Colourism in the Tamil Community


Does colourism exist in the Tamil community?

It most certainly does. How often have we heard comments about our skin colour, or sympathetic remarks about someone who could be beautiful if they were only a little fairer?

Once, during a family party when I introduced my daughter to an elderly woman, her first comment was that it was too bad that my daughter was not as fair skinned as me. Is fair skin still a highly sought after symbol of beauty in this day and age?

If you are from a Tamil household, you are no stranger to relatives passing judgement on your skin tone at some point or another. If you are darker-skinned, you may hear suggestions on how to lighten your skin or defensive comments from your family about how you were born with milky light skin but it has gotten dark from being out in the sun. On the other hand if you are light-skinned and even get the slightest bit of tan, you will often hear remarks about that too.

I am constantly teaching my daughter that skin colour doesn’t matter and she has beautiful skin just like someone else with a different colour skin. However, these constant remarks from others, especially in the summer months when she gets much darker, have an impact on my little girl as it does on many other children. Children internalize a lot of things and often bring them up at random times. “Mommy I like your skin, it’s so nice and light” said my 4 year old daughter one day, expressing concern over her skin colour. She even commented that my skin was “nice and peachy.” Where does she even get these terms?



With constant remarks about skin colour and the need to be light-skinned, what are we teaching our children? It breaks my heart to hear kids talk about their skin colour and appearance as they are still developing their perceptions on beauty.

Are there even proper terms in Tamil to describe someone’s colour? For example darker skin is usually referred to as “karuppu” (black) or “niram kuraivu” (less colour, not very accurate when you think about it). How about the equivalent of “tanned.” All the words I can think of mean dark skin or darkening of skin. I would love to be enlightened on this matter if someone knows of positive terms to describe tanned skin.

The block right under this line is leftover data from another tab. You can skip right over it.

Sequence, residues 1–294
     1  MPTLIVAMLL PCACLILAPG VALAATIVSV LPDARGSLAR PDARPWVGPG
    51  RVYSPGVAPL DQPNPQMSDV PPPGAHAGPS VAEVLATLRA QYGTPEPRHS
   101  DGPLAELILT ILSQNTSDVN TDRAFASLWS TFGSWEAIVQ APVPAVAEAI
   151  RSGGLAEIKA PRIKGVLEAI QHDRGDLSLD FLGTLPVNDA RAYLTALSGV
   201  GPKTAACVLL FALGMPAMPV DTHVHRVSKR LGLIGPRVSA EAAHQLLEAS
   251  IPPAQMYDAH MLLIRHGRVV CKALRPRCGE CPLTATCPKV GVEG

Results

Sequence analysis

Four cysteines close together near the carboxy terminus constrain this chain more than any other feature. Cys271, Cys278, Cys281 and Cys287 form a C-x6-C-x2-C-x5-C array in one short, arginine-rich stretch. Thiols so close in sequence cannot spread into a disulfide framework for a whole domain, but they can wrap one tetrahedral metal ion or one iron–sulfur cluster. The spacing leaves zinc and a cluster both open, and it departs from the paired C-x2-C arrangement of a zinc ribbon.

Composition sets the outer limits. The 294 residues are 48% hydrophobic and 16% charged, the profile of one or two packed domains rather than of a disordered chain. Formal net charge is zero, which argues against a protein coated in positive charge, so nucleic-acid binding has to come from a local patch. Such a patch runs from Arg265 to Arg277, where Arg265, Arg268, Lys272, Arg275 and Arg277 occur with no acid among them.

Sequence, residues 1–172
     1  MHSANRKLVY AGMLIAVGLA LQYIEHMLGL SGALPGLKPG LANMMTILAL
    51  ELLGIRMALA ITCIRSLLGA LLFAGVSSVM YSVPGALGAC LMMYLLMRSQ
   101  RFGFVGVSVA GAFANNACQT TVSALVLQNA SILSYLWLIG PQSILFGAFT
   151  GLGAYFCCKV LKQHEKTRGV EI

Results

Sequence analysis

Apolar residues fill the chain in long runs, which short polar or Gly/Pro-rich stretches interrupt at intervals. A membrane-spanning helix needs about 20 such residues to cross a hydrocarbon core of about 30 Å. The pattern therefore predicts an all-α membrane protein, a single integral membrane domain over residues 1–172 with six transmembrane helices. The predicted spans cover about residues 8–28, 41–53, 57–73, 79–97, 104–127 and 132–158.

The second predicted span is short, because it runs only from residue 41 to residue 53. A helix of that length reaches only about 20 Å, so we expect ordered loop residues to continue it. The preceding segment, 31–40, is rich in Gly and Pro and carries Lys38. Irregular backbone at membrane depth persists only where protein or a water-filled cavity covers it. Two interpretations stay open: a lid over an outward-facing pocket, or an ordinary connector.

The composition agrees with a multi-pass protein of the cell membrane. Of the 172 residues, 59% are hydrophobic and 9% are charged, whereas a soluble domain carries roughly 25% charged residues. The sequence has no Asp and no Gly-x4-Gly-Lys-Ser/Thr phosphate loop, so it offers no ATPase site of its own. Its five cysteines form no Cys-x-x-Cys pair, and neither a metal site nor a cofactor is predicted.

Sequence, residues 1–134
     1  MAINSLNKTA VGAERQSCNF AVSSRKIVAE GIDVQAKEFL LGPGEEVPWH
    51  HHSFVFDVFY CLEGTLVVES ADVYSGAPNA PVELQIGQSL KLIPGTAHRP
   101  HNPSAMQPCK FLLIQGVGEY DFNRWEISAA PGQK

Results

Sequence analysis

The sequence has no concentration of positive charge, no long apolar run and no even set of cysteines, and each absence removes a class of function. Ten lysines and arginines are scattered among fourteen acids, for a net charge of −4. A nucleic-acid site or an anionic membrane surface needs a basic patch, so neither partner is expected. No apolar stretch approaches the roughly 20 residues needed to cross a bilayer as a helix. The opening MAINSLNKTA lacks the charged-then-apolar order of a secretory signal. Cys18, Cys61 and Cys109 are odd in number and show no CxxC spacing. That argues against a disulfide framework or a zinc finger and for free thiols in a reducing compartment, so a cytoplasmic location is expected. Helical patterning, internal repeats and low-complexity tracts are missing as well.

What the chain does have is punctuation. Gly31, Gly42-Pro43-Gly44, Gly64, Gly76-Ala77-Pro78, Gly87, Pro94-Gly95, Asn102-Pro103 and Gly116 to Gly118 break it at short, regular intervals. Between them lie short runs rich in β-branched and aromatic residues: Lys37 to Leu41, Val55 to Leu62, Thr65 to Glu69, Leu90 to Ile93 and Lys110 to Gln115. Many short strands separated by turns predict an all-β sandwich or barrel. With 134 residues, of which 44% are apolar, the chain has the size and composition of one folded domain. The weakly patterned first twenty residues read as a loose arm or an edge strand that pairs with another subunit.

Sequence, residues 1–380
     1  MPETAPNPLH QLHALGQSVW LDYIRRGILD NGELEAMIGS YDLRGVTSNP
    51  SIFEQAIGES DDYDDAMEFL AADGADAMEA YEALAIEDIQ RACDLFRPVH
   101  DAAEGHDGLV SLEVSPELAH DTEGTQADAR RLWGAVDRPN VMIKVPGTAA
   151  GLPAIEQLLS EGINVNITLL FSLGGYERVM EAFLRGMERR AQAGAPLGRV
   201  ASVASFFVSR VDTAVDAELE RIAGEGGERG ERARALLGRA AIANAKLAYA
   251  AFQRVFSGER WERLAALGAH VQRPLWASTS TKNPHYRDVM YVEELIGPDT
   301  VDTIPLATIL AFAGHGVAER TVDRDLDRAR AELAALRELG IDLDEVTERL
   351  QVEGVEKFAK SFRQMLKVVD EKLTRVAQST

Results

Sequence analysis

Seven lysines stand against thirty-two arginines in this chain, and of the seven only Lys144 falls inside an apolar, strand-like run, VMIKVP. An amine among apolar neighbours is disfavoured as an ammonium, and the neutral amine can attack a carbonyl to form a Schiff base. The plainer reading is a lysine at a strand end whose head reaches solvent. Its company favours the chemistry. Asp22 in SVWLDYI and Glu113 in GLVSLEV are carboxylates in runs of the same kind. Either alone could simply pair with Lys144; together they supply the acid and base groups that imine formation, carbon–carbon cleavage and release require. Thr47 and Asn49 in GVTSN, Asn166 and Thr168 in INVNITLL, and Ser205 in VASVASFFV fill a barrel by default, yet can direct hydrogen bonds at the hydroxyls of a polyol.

When light-skinned non-Tamils get a tan they usually hear positive remarks such as “Wow you are glowing, what a great tan, have you been on vacation?” This is not the case for us though. When I hear comments that I have gotten darker from being out in the sun, I often want to scream out “should I stay locked up inside”? The comments on skin colour may also start as early as when the baby is born, when relatives start to remark on the baby’s skin colour.

I know quite a few women who worry about their dark skin tones. They have been made conscious of this their whole lives due to the “light skin” standard. The media and community standards on beauty have always been based on a preference for lighter skin and a slimmer physique. We are not the only community with this perception but we need to start recognizing the fact that skin colour is not a reflection of someone’s character or beauty.

The point is not to disregard colour altogether and teach children to be colour blind. Instead of teaching our next generation superficial values about skin colour, we should teach them about diversity and inclusivity. We should teach them to recognize, accept and respect differences in people.

The next time you hear someone comment to you or your child about dark skin, you can try responding with one of the following:

  1. Applaud them for pointing out the obvious (this is more effective if you clap your hands really loudly and say something like “Wow kandupidicheteengal”
  2. Tell them not to worry as it’s only temporary and will wash out soon.
  3. Agree with them and tell them they are looking a bit dark themselves these days; is it something in the air? Are they sick? Regardless of how light or dark they are this will surely set them off in a panic.

Jokes aside though, we need to start pointing out how ridiculous these comments are when we hear them. We can definitely do so in positive ways. For instance, politely thanking them for the observation but state that skin colour is not very important to you or your family. Comments about skin colour have a negative impact on children and adults alike over time; especially when children realize that their skin colour is something they cannot change and become unhappy for not conforming to societal standards. We can help children develop positive feelings about their skin colour so that they will grow to recognize and appreciate differences. We should teach them to accept people of different colours and understand that no colour is better than another.

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Saumea Thayalan

Saumea Thayalan